Tanks and pipes can add unhealthy biological and mineralogical contaminants.

Lead is one of the most harmful water contaminants, especially for children. The Environmental Protection Agency (EPA) and the Disease Control and Prevention (CDC) both agree – there is no known safe level of lead in a child’s blood.

The EPA says that houses built before 1986 may have used lead pipes for water service lines. There are several online forums to help you determine whether your house could have lead pipes, like this one

You can’t see, taste or smell lead. The safest bet – get a plumber to come to your home and check out your pipes. If you have a well, get it tested every year.

Most modern houses run water service lines made from a composite material like PVC or PEX. But in some houses, the system of water pipes is composed of copper. While copper is a good material for water pipes, the copper pieces must be soldered together.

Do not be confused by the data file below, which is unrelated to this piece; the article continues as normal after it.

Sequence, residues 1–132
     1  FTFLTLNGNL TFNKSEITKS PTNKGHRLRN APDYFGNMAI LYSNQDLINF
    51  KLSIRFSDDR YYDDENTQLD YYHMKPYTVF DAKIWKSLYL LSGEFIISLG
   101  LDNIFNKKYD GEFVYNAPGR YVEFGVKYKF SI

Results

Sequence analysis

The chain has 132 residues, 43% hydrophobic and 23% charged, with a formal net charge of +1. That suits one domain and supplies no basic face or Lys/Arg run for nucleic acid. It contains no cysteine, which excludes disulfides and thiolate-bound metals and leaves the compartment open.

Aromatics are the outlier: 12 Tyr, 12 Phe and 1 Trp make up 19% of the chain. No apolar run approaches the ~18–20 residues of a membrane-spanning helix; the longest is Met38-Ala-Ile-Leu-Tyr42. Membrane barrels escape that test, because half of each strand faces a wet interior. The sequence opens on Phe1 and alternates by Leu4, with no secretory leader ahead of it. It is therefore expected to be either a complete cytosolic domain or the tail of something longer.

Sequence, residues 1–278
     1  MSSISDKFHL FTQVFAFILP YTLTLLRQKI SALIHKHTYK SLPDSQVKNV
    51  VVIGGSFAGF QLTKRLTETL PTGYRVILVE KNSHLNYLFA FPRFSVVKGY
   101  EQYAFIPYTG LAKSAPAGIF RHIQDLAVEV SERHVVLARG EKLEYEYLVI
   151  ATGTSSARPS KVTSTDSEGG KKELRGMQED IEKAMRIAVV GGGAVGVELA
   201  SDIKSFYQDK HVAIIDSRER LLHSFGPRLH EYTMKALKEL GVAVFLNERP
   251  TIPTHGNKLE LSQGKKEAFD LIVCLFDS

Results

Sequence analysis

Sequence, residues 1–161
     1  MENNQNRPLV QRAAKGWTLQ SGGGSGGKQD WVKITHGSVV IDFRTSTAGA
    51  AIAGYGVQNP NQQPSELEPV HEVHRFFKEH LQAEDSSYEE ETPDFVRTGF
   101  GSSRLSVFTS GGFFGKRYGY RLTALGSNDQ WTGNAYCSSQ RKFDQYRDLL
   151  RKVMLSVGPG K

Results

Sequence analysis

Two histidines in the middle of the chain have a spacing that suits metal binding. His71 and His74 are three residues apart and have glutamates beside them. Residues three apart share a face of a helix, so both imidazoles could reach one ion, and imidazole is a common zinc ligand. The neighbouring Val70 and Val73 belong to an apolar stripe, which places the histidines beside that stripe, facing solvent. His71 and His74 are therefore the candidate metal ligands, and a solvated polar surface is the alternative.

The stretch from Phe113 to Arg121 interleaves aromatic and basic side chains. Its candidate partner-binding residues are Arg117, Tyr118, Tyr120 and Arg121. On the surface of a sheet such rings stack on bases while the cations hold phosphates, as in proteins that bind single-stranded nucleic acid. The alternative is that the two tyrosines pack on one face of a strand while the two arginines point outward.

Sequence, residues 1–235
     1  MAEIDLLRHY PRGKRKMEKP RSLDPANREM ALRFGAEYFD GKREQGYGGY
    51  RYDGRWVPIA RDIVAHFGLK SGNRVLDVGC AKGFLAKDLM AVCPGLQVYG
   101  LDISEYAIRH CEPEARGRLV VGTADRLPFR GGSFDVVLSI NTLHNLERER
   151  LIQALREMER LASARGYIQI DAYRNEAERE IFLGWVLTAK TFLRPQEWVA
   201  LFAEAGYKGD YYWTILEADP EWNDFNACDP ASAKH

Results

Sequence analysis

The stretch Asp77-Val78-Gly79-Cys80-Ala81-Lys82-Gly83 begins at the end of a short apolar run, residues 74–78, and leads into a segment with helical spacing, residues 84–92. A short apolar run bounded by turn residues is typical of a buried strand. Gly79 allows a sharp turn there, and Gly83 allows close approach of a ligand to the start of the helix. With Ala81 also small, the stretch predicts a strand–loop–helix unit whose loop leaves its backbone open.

Unfortunately, old solder sometimes contained lead. Over time, and with elevated acidity and temperature, lead from solder can be absorbed in the water. 

For houses with a hot water heater, the house mainline comes into the house and then divides before the hot water heater. Part of the water continues as the cold supply (or service) line and part is diverted into the tank. The tank heats up the water and then pushes it out into the hot water service line. 

But let’s say that your hot water tank sat unused for six months before you bought your house. If a hot water tank temperature dips, it becomes a perfect breeding ground for bacteria, which flourish between the temperatures of 95° and 115°.